Character and temperament in major depressive disorder and a highly anxious-retarded subtype derived from melancholia.
ABSTRACT An anxious-retarded subtype of major depressive disorder, defined by high scores for both anxiety and retardation, has been derived from melancholia and appeared to have higher external validity in terms of poor outcome and vasopressinergic stress hormone regulation. A specific personality could enhance the validity of this subtype, and the association with melancholia suggested the absence of a personality disorder. As 2 character dimensions of the Temperament and Character Inventory (TCI), self-directedness (SD) and cooperativeness, parsimoniously predict the presence of a personality disorder, the primary aim was to test whether patients with the highly anxious-retarded subtype of depression have both normal SD and normal cooperativeness. A secondary aim was to optimally account for the general personality characteristics of patients with a major depressive disorder.
Eighty-six patients with major depressive disorder and matched healthy controls were selected. Seventy patients were eventually recruited for a 2-year follow-up encompassing 5 assessments of personality (TCI) and psychopathology (Comprehensive Psychopathological Rating Scale). Full remission of depression was defined by the presence of less than 3 Diagnostic and Statistical Manual of Mental Disorders, Fourth Edition items of depression during 2 weeks.
State-dependent changes of SD and harm avoidance (HA) scores were found in all depressed patients. Fully remitted patients had only high HA compared with healthy controls. Unexpectedly, fully remitted patients with the highly anxious-retarded subtype, in addition, had low SD.
The temperament of high HA may be the predisposing TCI trait for major depressive disorder in general. Low SD may be a specific presumably premorbid character trait for the highly anxious-retarded subtype derived from melancholia.
Article: Personality and depression: evidence of a possible mediating role for anger trait in the relationship between cooperativeness and depression.[show abstract] [hide abstract]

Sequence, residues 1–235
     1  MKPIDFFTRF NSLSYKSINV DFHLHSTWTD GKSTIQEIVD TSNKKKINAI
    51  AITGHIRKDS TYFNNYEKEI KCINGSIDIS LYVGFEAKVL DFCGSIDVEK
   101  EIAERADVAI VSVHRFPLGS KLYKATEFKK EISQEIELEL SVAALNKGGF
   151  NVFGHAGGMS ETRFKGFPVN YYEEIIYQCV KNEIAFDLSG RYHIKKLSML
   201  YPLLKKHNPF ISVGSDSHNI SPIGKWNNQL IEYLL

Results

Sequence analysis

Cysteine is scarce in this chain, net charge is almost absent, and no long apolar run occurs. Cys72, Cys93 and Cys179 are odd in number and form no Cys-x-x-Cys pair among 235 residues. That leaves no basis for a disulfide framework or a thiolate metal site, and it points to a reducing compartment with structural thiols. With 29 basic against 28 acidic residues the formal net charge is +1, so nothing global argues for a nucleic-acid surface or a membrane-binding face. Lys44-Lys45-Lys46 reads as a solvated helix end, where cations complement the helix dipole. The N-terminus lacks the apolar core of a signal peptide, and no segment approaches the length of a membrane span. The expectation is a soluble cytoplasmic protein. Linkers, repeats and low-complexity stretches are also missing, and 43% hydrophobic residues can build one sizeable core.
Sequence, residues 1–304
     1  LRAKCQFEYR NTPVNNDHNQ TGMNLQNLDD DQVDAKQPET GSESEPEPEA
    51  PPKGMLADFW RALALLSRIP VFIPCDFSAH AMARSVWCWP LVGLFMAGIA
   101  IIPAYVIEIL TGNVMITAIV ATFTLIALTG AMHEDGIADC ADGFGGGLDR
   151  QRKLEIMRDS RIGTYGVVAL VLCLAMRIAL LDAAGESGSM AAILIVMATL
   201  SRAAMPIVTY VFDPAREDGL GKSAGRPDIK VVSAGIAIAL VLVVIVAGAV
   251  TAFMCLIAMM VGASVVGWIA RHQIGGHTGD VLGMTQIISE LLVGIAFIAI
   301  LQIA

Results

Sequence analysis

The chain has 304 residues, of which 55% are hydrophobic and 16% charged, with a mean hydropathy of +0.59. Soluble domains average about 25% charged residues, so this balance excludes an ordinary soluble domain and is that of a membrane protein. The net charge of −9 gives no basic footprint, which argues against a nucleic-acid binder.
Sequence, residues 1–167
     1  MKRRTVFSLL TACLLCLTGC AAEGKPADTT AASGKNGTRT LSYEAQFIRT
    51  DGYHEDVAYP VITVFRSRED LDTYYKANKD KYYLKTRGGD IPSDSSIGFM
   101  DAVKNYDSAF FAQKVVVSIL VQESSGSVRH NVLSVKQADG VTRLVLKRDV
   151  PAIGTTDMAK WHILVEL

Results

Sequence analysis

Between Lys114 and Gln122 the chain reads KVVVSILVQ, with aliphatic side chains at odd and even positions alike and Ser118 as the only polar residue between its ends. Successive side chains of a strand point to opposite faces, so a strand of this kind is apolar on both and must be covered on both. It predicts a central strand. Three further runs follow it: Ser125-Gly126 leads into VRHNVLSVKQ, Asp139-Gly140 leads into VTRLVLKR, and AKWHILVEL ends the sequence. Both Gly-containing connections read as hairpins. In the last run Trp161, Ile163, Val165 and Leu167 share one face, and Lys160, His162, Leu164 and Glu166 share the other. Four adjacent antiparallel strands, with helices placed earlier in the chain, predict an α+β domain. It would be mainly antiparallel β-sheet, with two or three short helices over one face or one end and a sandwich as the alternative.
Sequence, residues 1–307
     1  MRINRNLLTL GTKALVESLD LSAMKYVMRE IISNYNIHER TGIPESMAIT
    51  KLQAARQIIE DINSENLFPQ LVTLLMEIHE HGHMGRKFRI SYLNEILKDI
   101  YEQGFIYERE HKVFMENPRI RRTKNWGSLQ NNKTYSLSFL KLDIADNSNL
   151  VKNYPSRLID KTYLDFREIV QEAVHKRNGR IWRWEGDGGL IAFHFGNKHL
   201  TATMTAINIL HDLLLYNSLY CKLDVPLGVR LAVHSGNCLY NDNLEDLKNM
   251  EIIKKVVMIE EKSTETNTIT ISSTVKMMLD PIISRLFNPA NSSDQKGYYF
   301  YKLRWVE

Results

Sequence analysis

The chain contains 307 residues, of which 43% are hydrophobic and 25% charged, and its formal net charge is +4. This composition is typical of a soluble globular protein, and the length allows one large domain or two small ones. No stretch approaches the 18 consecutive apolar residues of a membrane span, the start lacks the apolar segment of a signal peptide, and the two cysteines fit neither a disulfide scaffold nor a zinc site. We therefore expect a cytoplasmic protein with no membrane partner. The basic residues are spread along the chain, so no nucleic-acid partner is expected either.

ABSTRACT: BACKGROUND: An increasingly growing area of empirical research has found consistent links between anger, depression, and temperament and character domains of personality, separately. However, precise nature of these relationships remains still unclear, and little is known about its underlying processes. OBJECTIVES: The aim of our explorative research was to conduct a more detailed investigation into the relationships among depression, anger trait, and personality characteristics based on Cloninger's 7-factor personality theory in healthy individuals. METHOD: In this preliminary study, 230 Italian undergraduates were investigated by using the Temperament and Character Inventory-Revised, the State-Trait Anger Expression Inventory-2, and the Beck Depression Inventory-II. Depression and cooperativeness were expected to have a negative and significant relationship and separate relationships with the trait-anger. Theoretically, a new hypothesis was that the trait-anger would mediate the relationship between depression and cooperativeness. RESULTS: Zero-order and partial correlations and a path analysis based on Baron and Kenny's method (J Pers Soc Psychol.1986;51:1173-1182) for calculating multiple regression analyses were calculated. Consistent with the hypotheses, cooperativeness and depression were strongly associated; the trait-anger was significantly associated with both cooperativeness and depression, and the mediation model fit the data. CONCLUSIONS: Behaviors related to the trait-anger could help to explain how depression and reduced cooperativeness are related each other.Comprehensive psychiatry 07/2012; · 2.08 Impact Factor